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    « Rostro | Main | Capirote »



    The capotillo, or Spanish cassock, was an essential travel garment. Carmen Bernis points out that the capotillo allowed women to "travel on horseback, a feat which was difficult in a mantle (long cloak)” (Bernis 46). Queen Ana of Austria, on a visit to the monastery of las Huelgas in 1571, wore "a black capotillo and hat with colored feathers and white and yellow, bordered in gold, with collar and edgings of gems and many fine diamonds and pearls of inestimable value” (Bernis 46-7). Royal inventories of 1595 and 1611 note the presence of capotillos (Bernis 47) and the style is widely pictured in paintings and engravings like the following:


    Pietro Bertelli. Diversarum nationen habitus



    Since the capotillo is basically a shortened version of a male capo (cloak) and is frequently mentioned in extant tailor's manuals, the pattern drafting stage was fairly simple. I chose a pattern from the Freyle manuscript for my garment:

     Diego de Freyle. "Ropilla y calcon de pano de (bbt) bb."


    I also referenced Burguen's pattern #146: Calcon de seda, ropilla, y jubon al sesgo.


    The capotillo is made of lightly fulled purple wool lined with gold silk. The same gold silk is used for the border and the collar edging. The collar is interlined with hemp canvas to maintain the shape, but the rest of the garment is left un-interlined for comfort. The garment is fully handsewn with silk thread; each edge was finished with a whipstitch, the lining was stitched down over the outer shell, and each seam was whipped closed.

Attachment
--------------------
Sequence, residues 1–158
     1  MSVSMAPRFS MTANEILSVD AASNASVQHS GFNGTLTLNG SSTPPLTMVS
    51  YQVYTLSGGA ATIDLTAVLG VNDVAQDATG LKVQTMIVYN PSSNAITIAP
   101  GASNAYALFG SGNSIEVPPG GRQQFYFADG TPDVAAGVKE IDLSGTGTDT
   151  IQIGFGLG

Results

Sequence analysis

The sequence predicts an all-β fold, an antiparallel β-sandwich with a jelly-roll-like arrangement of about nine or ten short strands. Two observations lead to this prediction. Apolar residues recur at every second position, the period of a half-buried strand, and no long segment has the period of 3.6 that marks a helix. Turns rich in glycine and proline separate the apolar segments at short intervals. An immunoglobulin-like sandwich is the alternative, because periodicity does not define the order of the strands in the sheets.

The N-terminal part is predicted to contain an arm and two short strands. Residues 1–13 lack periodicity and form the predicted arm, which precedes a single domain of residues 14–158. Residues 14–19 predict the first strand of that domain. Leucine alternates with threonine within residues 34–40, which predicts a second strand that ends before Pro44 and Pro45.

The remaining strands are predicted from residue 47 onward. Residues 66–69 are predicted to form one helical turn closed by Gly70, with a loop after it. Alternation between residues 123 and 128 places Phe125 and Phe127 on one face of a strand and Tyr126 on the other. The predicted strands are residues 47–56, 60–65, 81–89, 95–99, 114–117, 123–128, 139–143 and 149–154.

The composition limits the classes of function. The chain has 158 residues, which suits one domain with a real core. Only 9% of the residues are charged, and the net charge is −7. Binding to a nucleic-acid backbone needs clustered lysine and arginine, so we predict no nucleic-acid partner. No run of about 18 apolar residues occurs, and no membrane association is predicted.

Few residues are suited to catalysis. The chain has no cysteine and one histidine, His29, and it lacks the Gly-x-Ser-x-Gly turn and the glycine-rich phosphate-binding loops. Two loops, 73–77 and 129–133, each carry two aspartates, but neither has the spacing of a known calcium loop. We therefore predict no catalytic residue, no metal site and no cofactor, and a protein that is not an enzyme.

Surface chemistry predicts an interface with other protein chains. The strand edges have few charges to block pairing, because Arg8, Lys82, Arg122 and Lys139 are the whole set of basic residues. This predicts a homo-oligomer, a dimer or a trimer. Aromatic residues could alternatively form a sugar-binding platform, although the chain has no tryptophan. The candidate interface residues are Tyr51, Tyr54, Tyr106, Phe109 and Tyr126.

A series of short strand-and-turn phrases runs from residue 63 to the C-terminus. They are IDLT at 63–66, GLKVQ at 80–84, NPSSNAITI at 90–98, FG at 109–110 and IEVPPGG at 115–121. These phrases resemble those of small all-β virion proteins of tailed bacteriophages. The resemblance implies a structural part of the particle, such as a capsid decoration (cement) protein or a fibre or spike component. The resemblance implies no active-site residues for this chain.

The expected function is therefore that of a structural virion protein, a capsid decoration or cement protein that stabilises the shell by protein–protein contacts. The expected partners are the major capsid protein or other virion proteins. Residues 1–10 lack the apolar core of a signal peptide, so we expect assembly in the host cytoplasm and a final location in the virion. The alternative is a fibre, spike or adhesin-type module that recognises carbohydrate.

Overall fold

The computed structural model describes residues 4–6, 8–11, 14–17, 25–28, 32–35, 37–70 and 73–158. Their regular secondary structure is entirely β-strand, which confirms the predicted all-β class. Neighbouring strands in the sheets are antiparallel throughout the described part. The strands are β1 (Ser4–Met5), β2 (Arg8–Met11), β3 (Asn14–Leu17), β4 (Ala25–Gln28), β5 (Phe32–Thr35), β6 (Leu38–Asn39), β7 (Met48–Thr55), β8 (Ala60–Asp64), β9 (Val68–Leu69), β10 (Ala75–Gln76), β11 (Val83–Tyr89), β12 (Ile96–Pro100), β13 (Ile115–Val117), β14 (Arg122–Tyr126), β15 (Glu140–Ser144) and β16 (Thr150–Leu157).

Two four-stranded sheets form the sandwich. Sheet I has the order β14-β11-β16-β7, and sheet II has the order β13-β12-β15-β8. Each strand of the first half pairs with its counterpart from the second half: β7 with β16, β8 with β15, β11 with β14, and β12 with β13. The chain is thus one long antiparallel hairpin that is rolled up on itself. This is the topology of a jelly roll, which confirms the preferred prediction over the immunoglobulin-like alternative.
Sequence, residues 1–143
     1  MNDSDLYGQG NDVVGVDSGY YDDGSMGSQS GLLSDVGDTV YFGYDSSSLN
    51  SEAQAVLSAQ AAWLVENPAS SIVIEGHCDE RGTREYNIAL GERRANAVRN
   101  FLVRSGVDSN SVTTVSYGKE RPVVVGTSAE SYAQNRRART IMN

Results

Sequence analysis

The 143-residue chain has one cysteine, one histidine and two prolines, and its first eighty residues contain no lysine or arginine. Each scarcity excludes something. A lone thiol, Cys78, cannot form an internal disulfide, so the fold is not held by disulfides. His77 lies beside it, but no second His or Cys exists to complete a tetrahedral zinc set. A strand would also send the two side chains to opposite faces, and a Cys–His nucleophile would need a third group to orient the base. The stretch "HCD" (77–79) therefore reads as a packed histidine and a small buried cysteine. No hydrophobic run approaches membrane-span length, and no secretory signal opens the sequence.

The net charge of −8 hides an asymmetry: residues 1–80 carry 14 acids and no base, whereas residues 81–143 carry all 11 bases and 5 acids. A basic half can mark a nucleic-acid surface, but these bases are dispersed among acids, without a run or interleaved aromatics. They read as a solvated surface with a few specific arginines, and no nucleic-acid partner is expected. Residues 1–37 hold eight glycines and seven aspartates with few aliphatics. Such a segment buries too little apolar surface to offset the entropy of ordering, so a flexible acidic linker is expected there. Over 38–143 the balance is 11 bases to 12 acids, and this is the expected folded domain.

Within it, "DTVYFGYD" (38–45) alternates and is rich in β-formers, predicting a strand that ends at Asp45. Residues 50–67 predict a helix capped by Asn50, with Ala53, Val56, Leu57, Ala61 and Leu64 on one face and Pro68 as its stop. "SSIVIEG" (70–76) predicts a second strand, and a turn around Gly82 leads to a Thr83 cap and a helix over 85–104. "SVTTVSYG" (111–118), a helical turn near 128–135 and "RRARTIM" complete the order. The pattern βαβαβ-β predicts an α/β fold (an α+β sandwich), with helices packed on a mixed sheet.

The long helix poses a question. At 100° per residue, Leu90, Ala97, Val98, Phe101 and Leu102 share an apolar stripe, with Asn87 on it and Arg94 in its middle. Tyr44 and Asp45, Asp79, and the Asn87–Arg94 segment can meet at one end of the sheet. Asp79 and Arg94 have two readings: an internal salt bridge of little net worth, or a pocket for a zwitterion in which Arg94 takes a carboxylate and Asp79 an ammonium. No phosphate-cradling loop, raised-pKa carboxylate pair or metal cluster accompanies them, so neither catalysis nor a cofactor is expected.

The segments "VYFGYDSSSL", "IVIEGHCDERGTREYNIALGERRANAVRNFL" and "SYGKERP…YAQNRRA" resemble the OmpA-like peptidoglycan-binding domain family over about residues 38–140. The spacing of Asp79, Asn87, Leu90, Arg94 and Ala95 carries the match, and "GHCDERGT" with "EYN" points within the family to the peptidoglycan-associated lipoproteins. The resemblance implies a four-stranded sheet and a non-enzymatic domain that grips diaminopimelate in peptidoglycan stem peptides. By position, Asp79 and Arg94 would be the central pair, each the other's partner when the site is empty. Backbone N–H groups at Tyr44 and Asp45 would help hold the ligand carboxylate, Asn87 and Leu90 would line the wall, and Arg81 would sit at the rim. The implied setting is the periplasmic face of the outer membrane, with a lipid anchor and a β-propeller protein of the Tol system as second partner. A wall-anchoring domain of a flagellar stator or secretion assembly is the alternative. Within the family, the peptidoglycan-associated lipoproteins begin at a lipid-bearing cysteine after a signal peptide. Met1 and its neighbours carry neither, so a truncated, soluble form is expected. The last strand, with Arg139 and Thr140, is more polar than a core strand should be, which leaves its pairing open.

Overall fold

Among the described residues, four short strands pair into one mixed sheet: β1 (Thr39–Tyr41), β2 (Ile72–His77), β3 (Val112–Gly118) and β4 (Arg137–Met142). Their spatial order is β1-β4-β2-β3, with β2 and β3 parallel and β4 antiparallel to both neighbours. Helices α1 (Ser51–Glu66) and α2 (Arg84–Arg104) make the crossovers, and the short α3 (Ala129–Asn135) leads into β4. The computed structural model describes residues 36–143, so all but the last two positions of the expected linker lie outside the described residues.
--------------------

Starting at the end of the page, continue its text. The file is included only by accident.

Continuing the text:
The sleeves, like those of the Bertelli engraving, are left unstitched at the front armscye to allow the sleeve to fall decoratively behind the garment. The sleeves are stil functional, although quite snug, and are fully lined with silk.

    The decorative edging is loosely based on Bertelli's engraving above. The gold silk bands were applied to the garment after it was constructed, and were edged with black commercial braid that closely resembles braid patterns found in many Spanish portraits.

    The buttons are inspired by the extant images on Cathy Snell's website (Kate's Corner). Each button is constructed of black linen floss wrapped over a wooden core. Gold linen floss is then laid down between the black ribs and wrapped.



     Further plans for the capotillo include adding more rows of silk and braid, as well as added the distinctive diagonal bands on the sleeves. Finally, I plan to add tabs or wings to the sleeve cap to finish the look.



    Banyard, Jack. "Freyle Cassock and Breeches." Accessed online February 2009.

    Bernis, Carmen. El traje y los tipos sociales en el Quijote. Madrid: Ediciones el Viso, 2001.

    Bertelli, Pietro. Diversarum nationen habitus. Venecia, 1594.

    Burguen, Francisco de la Rocha. "Pattern #146: Calcon de seda, ropilla, y jubon al sesgo." Geometria y traca perteneciente al oficio de sastra, Valencia, 1618. hosted by Renaissance Tailor. Accessed online February 2009.

    Freyle, Diego de. "Ropilla y calcon de pano de (bbt) bb." Freyle Manuscript, 1588. hosted by Renaissance Tailor. Accessed online February 2009.

    Hoefnagel, J. Civitates orbis terrarium, Colonia, 1573.

     "Sleeved Cloak of Don Garzia de Medici." Extant garment. Image hosted by Annabelle Wake. Accessed online February 2009.

    Snell, Cathy. "Making Buttons." Accessed online February 2009.

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